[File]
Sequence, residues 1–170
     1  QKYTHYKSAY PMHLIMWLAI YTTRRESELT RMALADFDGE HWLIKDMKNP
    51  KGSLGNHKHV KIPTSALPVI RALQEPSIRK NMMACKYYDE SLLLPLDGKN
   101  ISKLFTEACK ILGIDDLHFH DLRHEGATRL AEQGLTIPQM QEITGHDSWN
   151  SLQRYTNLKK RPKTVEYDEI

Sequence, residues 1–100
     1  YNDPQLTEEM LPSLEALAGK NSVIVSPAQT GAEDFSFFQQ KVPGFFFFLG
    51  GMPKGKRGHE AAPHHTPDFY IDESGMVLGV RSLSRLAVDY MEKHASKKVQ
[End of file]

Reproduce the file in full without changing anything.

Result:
Sequence, residues 1–170
     1  QKYTHYKSAY PMHLIMWLAI YTTRRESELT RMALADFDGE HWLIKDMKNP
    51  KGSLGNHKHV KIPTSALPVI RALQEPSIRK NMMACKYYDE SLLLPLDGKN
   101  ISKLFTEACK ILGIDDLHFH DLRHEGATRL AEQGLTIPQM QEITGHDSWN
   151  SLQRYTNLKK RPKTVEYDEI

Sequence, residues 1–100
     1  YNDPQLTEEM LPSLEALAGK NSVIVSPAQT GAEDFSFFQQ KVPGFFFFLG
    51  GMPKGKRGHE AAPHHTPDFY IDESGMVLGV RSLSRLAVDY MEKHASKKVQ